What Reddy’s colleagues say: “Over his 25-year career and as an American Chemical Society Expert since 2016, Chris has committed himself to incorporating the voice of scientific reasoning in societal issues, increasing the public’s understanding of chemistry, and encouraging and training other scientists to become comfortable, competent science communicators.”—David L. Valentine, University of California, Santa Barbara

V. Sara Thoi.
Credit: Courtesy of V. Sara Thoi
V. Sara Thoi

Harry Gray Award for Creative Work in Inorganic Chemistry by a Young Investigator: V. Sara Thoi

Sponsor: Endowed fund established by Harry Gray and others

Citation: For creative experimental implementation of inorganic chemistry to address challenges in energy science, including energy storage and sustainable catalytic formation of energy-relevant compounds

Current position: Associate professor of chemistry, Johns Hopkins University

Education: BS, chemistry, University of California San Diego; PhD, chemistry, University of California, Berkeley

Thoi on what inspired her to become a scientist: “I have always been very passionate about sustainability and energy conservation. I was the kid who shoddily constructed solar concentrators from cardboard and aluminum foil and made almost-usable biodiesel from french fry oil. In my high school chemistry class, I was fascinated by our ability to manipulate atoms and bonds. Ever since, chemistry has been my conduit for channeling my passion for sustainability.”

What Thoi’s colleagues say: “The metal-organic framework (MOF) field is ultracompetitive, but Sara’s imaginative approach to use MOFs as a platform for electrochemical studies in energy storage and nitrogen and carbon dioxide reduction are the first of its kind and highly insightful.”—Hong-Cai “Joe” Zhou, Texas A&M University

John L. Wood.
Credit: Courtesy of John L. Wood
John L. Wood

Ernest Guenther Award in the Chemistry of Natural Products: John L. Wood

Sponsor: Givaudan Flavors

Citation: For innovation and countless achievements in the field of natural product total synthesis

Current position: Robert A. Welch Distinguished Professor of Chemistry and Biochemistry, Baylor University

Education: BA, chemistry, University of Colorado Boulder; PhD, organic chemistry, University of Pennsylvania

Wood on the most rewarding part of his job: “Without question, it is witnessing the transformation that takes place in students as they begin contributing intellectually to their projects and have those ideas come to fruition. The self-confidence and independence that develops is totally awesome to watch and leaves me feeling privileged to have been a part of it.”

What Wood’s colleagues say: “John has consistently taken innovative approaches to the synthesis of complex natural products. These approaches have taken the chemistry in unusual directions and resulted in the development of new, unforeseen general reaction chemistry.”—Brian M. Stoltz, California Institute of Technology

Cato T. Laurencin.
Credit: Courtesy of Cato T. Laurencin
Cato T. Laurencin

Kathryn C. Hach Award for Entrepreneurial Success: Cato T. Laurencin

Sponsor: Endowed fund established by Kathryn C. Hach

Citation: For pioneering and outstanding work in entrepreneurship involving polymer-based materials for musculoskeletal regeneration and repair

Current position: CEO, Cato T. Laurencin Institute for Regenerative Engineering, University of Connecticut

Education: BSE, chemical engineering, Princeton University; MD, Harvard Medical School; PhD, biochemical engineering and biotechnology, Massachusetts Institute of Technology

Laurencin on the most rewarding part of his job: “All of my job is rewarding: seeing patients; performing surgery; leading the Cato T. Laurencin Institute; conducting groundbreaking basic, applied, and translational research; mentoring the next generation of students; inventing new things that directly help people; and bringing the technology to people (for which I am receiving this award).”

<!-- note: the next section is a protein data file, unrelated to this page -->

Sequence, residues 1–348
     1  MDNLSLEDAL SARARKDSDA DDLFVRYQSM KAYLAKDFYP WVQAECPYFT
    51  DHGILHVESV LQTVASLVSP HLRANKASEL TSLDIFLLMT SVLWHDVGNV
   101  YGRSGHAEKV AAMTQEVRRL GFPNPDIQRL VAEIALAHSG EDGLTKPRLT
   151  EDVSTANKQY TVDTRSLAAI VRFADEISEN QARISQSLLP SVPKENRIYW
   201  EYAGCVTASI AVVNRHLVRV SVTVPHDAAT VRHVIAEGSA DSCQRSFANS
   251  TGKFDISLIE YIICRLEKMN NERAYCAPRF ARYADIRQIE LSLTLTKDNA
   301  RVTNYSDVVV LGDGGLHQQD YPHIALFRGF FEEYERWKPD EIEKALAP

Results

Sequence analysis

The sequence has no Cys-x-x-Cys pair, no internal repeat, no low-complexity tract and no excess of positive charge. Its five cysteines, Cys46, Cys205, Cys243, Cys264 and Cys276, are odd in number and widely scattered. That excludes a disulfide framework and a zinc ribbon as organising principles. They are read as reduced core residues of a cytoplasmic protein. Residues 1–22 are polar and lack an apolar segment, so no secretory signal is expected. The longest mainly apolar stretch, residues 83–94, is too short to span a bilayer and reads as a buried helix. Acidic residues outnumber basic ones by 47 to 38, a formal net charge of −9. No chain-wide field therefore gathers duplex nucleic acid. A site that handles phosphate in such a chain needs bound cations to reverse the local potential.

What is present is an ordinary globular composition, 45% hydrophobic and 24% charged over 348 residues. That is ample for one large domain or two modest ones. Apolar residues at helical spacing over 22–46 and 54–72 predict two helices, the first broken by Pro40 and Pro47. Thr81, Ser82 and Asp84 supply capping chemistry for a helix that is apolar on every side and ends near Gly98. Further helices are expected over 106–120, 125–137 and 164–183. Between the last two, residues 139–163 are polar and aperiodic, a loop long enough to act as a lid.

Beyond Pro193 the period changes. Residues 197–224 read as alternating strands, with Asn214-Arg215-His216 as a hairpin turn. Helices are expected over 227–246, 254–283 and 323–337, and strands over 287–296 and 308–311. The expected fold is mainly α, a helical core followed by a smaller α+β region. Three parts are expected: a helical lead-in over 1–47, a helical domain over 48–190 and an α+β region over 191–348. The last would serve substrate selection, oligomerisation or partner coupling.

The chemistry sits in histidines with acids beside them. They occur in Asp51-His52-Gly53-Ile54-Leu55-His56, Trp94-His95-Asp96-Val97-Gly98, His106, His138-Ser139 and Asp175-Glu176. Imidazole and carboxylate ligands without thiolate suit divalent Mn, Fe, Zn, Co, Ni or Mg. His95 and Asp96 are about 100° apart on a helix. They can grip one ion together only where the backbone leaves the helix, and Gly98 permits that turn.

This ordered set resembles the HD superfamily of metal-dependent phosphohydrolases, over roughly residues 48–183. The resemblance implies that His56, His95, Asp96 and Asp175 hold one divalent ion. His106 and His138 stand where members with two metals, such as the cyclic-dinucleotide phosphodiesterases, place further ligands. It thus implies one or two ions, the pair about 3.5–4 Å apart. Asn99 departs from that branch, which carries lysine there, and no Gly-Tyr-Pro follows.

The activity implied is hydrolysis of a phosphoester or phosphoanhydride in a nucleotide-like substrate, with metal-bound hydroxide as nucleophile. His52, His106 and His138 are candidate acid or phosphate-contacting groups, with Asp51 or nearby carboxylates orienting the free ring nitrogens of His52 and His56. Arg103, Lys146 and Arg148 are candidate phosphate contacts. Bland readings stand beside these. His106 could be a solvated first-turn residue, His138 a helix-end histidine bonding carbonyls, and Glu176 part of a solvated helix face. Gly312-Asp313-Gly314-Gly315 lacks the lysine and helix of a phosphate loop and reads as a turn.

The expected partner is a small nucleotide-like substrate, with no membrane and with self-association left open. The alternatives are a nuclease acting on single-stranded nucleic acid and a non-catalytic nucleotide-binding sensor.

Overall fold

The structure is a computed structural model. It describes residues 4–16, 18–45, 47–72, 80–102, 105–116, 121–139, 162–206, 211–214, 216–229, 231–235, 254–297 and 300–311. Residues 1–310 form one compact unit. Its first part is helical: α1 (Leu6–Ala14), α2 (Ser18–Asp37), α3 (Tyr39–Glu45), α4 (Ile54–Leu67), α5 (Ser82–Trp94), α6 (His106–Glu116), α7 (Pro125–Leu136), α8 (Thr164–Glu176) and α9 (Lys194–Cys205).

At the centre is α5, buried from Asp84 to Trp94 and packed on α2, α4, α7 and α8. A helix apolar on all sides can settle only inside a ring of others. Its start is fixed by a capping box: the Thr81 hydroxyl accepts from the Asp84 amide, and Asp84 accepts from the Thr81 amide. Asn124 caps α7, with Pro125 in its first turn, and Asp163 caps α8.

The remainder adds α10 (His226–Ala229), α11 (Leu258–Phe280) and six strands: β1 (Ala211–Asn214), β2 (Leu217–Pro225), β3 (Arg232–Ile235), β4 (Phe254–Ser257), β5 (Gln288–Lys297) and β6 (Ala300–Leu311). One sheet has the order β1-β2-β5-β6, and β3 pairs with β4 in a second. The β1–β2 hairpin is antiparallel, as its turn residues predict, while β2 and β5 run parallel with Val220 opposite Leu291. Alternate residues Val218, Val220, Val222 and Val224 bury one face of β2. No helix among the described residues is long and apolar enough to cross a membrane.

What Laurencin’s colleagues say: “Cato is the complete entrepreneur. He has developed technologies with revolutionary fundamental chemistry principles that are on the market, guided companies from early-stage to late-stage development, and developed ecosystems for advancing entrepreneurship, all while mentoring the next generation of scientists to do the same.”—Kazem Kazerounian, University of Connecticut

Holger Braunschweig.
Credit: Courtesy of Holger Braunschweig
Holger Braunschweig

M. Frederick Hawthorne Award in Main Group Inorganic Chemistry: Holger Braunschweig

Sponsor: Endowed fund established by M. Frederick Hawthorne; Diana Hawthorne; the University of California, Los Angeles; and others

Citation: For groundbreaking discoveries in the chemistry of hypocoordinate and hypovalent boron compounds

Current position: Head of inorganic chemistry, Julius Maximilian University of Würzburg

Education: Diplom and Dr. rer. nat., chemistry, RWTH Aachen University

Braunschweig on the most rewarding part of his job: “The freedom to pursue challenges of your own choice is the most rewarding part of an academic scientist’s job.”

What Braunschweig’s colleagues say: “Holger’s track record is characterized by consistent top-level research and a constant output of novel molecules and enabling synthetic techniques, punctuated by frequent major discoveries that change the direction of the field in general.”—Guy Bertrand, University of California San Diego

Paramjit S. Arora.
Credit: Courtesy of Paramjit S. Arora
Paramjit S. Arora

Ralph F. Hirschmann Award in Peptide Chemistry: Paramjit S. Arora

Sponsor: Merck Research Laboratories

Citation: For outstanding accomplishments in peptide design and for a remarkable blend of creativity and rigor, as exemplified by the development of imaginative helix-stabilization and helix-mimicry strategies

Current position: Professor of chemistry, New York University

Education: BS, chemistry, University of California, Berkeley; PhD, chemistry, University of California, Irvine

Arora on the most rewarding part of his job: “The best part of my day is overhearing a scientific conversation among my students. It is enthralling to hear a senior student explain to a younger student why X is the correct approach to pursue and why Y is not. These conversations mean that there is a functional ecosystem that allows scientific know-how to flow to the next generation of students.”

What Arora’s colleagues say: “Bobby’s work has exerted a broad impact among peptide scientists. His nonclassical approach has generated important contributions to our understanding of peptides and proteins and our ability to manipulate protein activities with imaginatively designed compounds.”—Samuel H. Gellman, University of Wisconsin–Madison.


This article has been sent to the following recipient:

Chemistry matters. Join us to get the news you need.